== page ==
A Dominican Republic Jewish center has assumed a supporting role in the Haitian relief efforts undertaken by a host of aid organizations and countries in the wake of the country’s worst earthquake in more than 200 years.

Rabbi Shimon Pelman, director of the S. Domingo-based Chabad-Lubavitch of the Dominican Republic, sped toward the country’s border with Haiti Friday morning in a jeep with a local police chief and commander. The trio came bearing equipment for rescue personnel, as well as kosher food for Jewish aid workers who had contacted the Chabad House throughout the day.

“Right now, we’re assisting the tremendous efforts of aid workers,” he said by cell phone, five minutes from the border. “Staff from different agencies around the world are in need of food and other supplies. We will also make personal contact with the small Israeli community in Haiti, all of whom are okay.”

Pelman set out after two New York rabbinical students dispatched by Rabbi Mendel Zarchi, the Puerto Rico-based director of Chabad of the Caribbean, arrived in S. Domingo to help coordinate Chabad efforts based there.

Hours before the onset of the Jewish Sabbath, Pelman began distributing truckloads of produce he brought in from the Dominican Republic, with more on the way. Additionally, the rabbi and his volunteers set up logistical support for groups of doctors using the United States Embassy as their temporary base.

Earlier on Thursday, Pelman met up with a rescue team from the Israel Defense Force’s Home Front Command that had mobilized in S. Domingo before heading out to the Haitian capital of Port au Prince.

Elsewhere in the world, a coalition of Jewish organizations were collecting money for international relief efforts. Participating groups included the American Jewish Committee, B’nai B’rith International, the American Jewish Joint Distribution Committee, the American Jewish World Service, the Canadian Jewish Congress and B’nai B’rith Canada.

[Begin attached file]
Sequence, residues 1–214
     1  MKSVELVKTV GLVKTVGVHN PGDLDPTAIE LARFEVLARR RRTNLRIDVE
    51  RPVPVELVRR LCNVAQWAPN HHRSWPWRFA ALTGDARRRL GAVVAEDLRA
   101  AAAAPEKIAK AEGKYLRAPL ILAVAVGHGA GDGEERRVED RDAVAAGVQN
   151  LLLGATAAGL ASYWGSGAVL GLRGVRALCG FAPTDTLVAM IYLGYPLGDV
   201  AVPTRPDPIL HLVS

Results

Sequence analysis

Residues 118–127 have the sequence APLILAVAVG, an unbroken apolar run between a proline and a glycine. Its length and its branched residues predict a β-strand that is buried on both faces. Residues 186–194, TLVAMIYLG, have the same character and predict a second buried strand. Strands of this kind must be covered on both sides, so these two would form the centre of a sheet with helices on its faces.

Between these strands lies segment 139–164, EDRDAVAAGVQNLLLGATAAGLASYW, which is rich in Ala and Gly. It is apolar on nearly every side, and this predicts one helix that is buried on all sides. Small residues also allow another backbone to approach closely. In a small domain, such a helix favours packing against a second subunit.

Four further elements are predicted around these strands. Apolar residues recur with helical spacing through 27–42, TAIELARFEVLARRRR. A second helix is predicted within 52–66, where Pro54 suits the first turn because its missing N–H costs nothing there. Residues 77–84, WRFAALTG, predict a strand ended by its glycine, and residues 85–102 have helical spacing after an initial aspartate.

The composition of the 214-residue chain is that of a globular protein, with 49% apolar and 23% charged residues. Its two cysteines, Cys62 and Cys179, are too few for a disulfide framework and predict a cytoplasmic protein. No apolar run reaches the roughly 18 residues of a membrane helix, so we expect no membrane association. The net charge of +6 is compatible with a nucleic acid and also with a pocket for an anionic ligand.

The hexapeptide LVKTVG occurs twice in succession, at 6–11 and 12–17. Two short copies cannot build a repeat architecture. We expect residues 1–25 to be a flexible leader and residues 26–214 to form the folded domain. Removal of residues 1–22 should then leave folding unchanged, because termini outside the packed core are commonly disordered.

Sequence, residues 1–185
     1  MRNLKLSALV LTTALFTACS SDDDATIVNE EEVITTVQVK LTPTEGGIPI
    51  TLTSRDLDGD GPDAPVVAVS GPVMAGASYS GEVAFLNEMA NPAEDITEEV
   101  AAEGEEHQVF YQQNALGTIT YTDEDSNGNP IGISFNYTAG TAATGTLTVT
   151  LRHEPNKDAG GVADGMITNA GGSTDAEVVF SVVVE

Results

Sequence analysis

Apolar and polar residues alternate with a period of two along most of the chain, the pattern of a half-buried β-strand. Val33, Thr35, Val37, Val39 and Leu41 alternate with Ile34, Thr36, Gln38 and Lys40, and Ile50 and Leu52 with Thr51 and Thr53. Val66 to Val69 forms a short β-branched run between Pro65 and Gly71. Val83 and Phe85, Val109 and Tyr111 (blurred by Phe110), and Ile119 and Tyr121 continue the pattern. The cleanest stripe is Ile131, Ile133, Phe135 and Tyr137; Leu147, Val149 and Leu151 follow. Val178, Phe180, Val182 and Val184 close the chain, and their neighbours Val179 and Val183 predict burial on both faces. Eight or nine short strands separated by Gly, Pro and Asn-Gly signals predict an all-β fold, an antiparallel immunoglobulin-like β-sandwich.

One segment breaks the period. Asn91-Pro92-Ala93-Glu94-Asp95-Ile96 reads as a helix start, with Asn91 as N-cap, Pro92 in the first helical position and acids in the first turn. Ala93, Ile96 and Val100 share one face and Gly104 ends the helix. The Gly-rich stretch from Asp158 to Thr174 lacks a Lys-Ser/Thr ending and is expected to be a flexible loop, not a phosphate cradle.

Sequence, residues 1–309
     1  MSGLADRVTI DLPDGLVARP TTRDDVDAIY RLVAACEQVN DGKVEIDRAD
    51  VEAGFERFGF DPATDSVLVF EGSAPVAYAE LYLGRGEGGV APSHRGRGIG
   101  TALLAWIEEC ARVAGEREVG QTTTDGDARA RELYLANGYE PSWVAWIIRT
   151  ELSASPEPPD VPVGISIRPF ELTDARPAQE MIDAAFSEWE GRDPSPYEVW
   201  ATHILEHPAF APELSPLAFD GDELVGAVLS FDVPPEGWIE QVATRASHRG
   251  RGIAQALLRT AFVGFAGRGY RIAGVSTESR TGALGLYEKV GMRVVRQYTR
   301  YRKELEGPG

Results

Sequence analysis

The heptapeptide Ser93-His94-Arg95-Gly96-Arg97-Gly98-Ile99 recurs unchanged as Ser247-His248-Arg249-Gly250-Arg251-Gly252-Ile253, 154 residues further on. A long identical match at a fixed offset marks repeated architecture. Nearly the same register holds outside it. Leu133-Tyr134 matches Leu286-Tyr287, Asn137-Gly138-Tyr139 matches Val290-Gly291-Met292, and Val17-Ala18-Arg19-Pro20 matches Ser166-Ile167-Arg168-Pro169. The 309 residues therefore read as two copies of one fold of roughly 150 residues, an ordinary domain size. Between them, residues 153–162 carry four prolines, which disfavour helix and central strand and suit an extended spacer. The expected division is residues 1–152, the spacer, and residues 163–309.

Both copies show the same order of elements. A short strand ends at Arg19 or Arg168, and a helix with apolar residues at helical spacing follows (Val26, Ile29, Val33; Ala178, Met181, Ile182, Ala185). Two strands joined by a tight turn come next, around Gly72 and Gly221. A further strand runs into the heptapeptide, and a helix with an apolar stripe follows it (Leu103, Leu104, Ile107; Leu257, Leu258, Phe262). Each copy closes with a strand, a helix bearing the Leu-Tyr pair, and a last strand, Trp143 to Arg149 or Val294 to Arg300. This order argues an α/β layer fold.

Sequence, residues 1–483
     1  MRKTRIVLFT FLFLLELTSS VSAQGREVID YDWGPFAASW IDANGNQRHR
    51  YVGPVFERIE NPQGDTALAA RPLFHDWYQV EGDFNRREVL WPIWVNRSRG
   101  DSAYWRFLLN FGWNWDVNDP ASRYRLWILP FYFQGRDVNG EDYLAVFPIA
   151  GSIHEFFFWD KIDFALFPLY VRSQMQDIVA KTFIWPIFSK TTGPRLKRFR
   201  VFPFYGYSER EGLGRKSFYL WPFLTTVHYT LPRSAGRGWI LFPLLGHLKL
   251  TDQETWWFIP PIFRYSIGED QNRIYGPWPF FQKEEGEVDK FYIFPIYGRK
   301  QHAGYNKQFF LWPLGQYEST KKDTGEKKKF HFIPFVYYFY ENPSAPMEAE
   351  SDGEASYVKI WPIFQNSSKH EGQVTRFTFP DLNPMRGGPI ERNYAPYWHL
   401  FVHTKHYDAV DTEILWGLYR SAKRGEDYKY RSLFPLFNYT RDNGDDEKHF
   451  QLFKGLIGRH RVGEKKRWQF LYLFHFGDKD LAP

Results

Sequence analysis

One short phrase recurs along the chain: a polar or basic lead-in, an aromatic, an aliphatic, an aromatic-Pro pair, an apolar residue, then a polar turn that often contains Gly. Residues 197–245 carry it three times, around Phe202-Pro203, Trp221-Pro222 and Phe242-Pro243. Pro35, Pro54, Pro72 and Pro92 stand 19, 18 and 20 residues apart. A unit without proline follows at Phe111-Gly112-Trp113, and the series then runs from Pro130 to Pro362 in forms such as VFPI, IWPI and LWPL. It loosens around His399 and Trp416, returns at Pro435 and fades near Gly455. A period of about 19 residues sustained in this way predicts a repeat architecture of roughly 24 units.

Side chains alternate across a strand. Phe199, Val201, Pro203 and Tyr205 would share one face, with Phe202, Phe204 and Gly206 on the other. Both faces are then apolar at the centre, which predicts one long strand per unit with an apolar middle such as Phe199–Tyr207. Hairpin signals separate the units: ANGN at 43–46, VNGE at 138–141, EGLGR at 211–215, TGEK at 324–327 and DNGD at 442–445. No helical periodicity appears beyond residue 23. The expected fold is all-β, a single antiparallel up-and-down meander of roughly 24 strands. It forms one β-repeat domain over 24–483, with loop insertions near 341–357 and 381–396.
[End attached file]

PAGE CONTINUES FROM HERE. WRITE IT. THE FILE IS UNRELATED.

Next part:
Chabad of the Caribbean, meanwhile, set up a relief fund and a Web page to keep people informed of development.

A full two days after the 7.0-magnitude quake sent buildings throughout Port au Prince crumbling to the streets, trapping untold thousands beneath the rubble, news reports described scenes of harrowing despair. Officials estimated the death toll could soar to 50,000, and hospitals that survived the shaking were taxed with treating the thousands more injured.

Thursday night, Israel dispatched additional resources to Haiti, including 40 doctors, five search-and-rescue teams, and a K-9 rescue squad, The Jerusalem Post reported. U.S. President Barack Obama had ordered thousands of troops to the stricken Caribbean nation, and United Nations peacekeeping forces, who had suffered casualties in the earthquake, were amassing troops from throughout Haiti.

Amos Radian, Israel’s ambassador to the Dominican Republic, told the Post of the devastation in Port au Prince, “the likes of which I have never seen in my life.”

“There is a strange quiet in the streets,” he said after touring the capital. “Thousands of people are sitting in the middle of the street afraid to enter the buildings. The city is destroyed.

Hana Levi Julian contributed to this report.